Noise music itself was a close kin to industrial, so it’s no surprise that gabber seemed to be have a reserved interest in industrial sonics as well. It too was in the business of splitting eardrums and reflecting a spiritual ugliness onto an audience hungry for a joyride with their Jungian shadows. However, the speed of gabber prohibited any earnest self-reflection. Instead, the genre’s messages were short and punchy like the music, bound up in rapid consumption and accumulation, tying it more to the cheap thrills of action movie explosions than the morose cerebral darkness of those auteurs favored by industrial musicians (Kubrick, Polanski, Cronenberg, and the like).




Gabber favored synths that buzzed like gnats hovering above a horde of stampeding warthogs. Layered voluminously, it came off like a plague of locusts following a stormtrooper brigade into the killing fields. The heavily regimented commando sound was outwardly “martial”, a term which had been used in the past to denote industrial music incorporating the sounds of military marches. Like martial industrial before it, gabber drew in an alarming number of musicians and fans from the far right. Certain songs touted not only ultraviolence (common amongst all gabber), but misogyny and fascism, as well.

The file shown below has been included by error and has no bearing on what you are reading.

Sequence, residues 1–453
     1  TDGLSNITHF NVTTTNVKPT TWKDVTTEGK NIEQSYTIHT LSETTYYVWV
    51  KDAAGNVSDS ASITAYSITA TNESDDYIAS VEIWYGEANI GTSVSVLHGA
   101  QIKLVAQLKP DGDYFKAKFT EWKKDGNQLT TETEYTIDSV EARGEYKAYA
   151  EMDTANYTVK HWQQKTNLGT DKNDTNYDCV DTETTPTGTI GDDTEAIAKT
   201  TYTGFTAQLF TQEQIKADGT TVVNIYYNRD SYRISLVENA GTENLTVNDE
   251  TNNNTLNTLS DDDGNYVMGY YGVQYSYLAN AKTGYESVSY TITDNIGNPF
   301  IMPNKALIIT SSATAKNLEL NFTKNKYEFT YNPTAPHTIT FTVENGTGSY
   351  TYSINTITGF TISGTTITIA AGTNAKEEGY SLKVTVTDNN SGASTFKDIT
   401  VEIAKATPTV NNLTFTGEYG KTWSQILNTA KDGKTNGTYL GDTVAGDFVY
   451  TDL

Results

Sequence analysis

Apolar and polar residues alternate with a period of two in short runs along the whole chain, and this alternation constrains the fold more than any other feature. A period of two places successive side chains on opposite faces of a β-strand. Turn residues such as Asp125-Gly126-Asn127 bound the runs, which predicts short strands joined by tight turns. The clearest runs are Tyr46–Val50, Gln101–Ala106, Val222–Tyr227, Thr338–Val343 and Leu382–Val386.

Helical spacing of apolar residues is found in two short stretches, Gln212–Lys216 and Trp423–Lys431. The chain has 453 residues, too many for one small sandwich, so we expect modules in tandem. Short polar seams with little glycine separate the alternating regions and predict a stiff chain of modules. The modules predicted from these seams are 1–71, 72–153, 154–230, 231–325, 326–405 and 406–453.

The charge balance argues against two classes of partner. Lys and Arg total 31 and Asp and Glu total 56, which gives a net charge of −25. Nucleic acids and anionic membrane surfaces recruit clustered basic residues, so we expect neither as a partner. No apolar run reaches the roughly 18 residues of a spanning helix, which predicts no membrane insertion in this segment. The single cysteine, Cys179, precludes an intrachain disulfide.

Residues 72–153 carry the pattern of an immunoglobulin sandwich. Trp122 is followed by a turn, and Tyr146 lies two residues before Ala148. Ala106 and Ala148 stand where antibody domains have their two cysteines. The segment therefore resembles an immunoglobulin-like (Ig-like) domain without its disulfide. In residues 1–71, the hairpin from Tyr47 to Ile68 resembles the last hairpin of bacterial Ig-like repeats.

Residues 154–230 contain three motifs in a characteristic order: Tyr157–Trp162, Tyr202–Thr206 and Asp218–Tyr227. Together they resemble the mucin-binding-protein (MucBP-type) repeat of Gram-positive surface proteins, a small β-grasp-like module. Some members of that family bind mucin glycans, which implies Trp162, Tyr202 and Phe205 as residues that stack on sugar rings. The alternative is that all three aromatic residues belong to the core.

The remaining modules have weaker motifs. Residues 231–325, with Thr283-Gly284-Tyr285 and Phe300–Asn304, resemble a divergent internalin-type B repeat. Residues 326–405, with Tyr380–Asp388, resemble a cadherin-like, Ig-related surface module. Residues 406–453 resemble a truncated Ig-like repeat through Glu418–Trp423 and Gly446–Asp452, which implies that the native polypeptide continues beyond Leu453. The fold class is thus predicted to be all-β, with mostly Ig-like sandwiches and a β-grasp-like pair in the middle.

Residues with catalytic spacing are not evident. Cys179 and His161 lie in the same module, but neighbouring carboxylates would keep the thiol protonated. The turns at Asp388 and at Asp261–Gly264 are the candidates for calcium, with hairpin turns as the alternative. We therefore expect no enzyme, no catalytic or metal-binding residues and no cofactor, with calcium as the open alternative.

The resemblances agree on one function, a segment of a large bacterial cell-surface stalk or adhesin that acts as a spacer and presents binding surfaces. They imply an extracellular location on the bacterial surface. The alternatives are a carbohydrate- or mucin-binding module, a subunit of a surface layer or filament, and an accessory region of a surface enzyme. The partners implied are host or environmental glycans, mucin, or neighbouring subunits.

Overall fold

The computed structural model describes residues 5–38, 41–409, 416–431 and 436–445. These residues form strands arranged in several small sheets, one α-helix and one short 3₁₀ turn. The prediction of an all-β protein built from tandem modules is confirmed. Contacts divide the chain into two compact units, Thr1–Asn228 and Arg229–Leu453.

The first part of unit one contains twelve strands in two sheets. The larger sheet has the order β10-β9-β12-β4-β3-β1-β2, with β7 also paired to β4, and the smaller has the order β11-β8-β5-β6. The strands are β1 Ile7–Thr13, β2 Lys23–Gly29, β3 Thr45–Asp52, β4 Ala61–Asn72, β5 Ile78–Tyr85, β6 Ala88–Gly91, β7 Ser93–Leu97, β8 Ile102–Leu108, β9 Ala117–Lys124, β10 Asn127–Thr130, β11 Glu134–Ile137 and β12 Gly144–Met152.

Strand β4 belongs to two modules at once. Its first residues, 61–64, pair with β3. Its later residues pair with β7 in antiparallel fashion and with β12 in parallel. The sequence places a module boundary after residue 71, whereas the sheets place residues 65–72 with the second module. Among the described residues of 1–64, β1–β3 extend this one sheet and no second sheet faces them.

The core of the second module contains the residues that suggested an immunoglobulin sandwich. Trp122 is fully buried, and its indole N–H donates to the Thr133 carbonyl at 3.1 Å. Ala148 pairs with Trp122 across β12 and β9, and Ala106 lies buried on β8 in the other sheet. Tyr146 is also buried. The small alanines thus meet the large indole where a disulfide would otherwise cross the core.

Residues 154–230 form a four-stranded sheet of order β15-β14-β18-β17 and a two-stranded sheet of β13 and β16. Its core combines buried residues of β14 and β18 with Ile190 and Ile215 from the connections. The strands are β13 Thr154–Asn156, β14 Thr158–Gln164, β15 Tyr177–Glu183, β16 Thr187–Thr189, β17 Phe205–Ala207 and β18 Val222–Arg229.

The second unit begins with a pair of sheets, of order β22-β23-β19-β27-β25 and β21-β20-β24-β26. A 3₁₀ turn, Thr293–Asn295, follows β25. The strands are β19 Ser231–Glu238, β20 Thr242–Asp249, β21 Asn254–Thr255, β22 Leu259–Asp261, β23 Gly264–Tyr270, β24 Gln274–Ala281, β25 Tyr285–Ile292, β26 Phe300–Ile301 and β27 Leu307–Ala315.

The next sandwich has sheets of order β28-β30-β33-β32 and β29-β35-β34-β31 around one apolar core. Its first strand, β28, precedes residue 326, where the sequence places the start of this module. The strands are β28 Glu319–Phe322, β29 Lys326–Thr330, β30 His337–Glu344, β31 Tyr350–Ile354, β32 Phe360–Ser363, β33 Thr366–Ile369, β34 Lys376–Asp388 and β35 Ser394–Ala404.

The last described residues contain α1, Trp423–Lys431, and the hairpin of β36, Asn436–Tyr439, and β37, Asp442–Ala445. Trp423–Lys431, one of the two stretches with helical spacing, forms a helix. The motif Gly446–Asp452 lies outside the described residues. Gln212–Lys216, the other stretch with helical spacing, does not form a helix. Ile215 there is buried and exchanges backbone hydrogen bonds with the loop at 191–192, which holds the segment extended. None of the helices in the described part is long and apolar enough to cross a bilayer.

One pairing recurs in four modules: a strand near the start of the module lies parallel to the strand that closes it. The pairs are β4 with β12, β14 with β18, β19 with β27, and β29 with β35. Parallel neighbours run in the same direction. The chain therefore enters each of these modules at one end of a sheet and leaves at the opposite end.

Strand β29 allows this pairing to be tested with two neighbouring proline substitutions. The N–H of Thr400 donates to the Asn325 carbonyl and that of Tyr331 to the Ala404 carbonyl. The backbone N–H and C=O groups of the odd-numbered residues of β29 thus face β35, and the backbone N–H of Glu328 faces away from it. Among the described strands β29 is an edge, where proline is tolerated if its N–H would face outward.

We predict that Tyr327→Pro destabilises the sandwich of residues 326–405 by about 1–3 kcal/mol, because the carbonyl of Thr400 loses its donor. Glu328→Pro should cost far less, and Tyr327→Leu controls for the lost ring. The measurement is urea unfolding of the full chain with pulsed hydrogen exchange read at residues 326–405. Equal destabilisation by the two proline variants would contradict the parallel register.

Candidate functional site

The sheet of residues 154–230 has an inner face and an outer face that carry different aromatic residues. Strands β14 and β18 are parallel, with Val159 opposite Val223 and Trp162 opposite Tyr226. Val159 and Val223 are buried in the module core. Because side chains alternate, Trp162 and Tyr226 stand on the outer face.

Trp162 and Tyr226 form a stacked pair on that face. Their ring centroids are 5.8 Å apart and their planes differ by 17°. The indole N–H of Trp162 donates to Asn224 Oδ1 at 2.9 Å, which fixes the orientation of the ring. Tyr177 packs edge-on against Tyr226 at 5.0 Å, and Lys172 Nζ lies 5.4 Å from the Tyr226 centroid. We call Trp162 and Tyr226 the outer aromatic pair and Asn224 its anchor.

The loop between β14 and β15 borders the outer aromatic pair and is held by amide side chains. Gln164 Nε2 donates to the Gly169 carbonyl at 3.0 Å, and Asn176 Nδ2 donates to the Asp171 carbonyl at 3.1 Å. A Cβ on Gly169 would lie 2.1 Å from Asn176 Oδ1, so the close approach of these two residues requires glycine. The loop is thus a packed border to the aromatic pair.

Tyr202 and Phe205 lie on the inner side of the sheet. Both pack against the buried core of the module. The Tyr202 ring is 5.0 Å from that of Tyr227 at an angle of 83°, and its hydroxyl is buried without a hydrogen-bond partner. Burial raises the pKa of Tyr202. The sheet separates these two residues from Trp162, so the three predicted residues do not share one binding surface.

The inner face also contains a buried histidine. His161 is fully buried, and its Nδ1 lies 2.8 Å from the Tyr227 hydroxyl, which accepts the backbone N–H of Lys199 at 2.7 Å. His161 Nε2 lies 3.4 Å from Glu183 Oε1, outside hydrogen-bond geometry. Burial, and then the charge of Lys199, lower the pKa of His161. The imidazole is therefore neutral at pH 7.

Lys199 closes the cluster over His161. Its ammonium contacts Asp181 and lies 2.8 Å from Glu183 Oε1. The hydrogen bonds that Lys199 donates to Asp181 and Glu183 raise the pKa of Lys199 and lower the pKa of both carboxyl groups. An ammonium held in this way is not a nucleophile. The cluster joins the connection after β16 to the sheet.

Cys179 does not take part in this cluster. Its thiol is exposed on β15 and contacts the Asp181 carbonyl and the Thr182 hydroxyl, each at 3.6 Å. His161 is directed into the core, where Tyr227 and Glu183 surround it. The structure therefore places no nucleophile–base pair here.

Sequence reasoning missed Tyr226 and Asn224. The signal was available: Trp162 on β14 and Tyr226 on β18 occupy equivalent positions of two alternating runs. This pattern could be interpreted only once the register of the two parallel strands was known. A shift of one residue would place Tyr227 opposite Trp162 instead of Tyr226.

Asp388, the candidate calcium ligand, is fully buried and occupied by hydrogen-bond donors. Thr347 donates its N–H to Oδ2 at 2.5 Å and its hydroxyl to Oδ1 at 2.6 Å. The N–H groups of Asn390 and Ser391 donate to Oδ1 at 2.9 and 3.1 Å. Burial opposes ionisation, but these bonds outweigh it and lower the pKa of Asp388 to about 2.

The big fad on college campuses during this era was multiculturalism. Cultural studies professors, post-structuralists, and post-modernists sought nobly to correct social injustices by studying the world relativistically. However, rave had encouraged a heterotopia that was anti-cultural, one that was shorn of the unique perspectives of tradition that those same professors naively thought capital couldn’t accommodate. Of course, rave and techno’s predicament was that once the panorama of cultural signifiers had been scrubbed, those without the vision to create something new on the leftover blank slate would often default to white male values, European enlightenment values, or free market capitalist values, et al.


The majority of the gabberheads, whose largest contingency was in the Netherlands, responded antagonistically to the invasion of its scene by neo-fascists. Many DJs in the scene had originally spun hip-hop and were the furthest thing from racist. Still, gabber’s general belligerence cemented the scene as a predominantly male one, or rather one in which there were, as one Sperminator track (probably ironically) put it, “No Women Allowed”.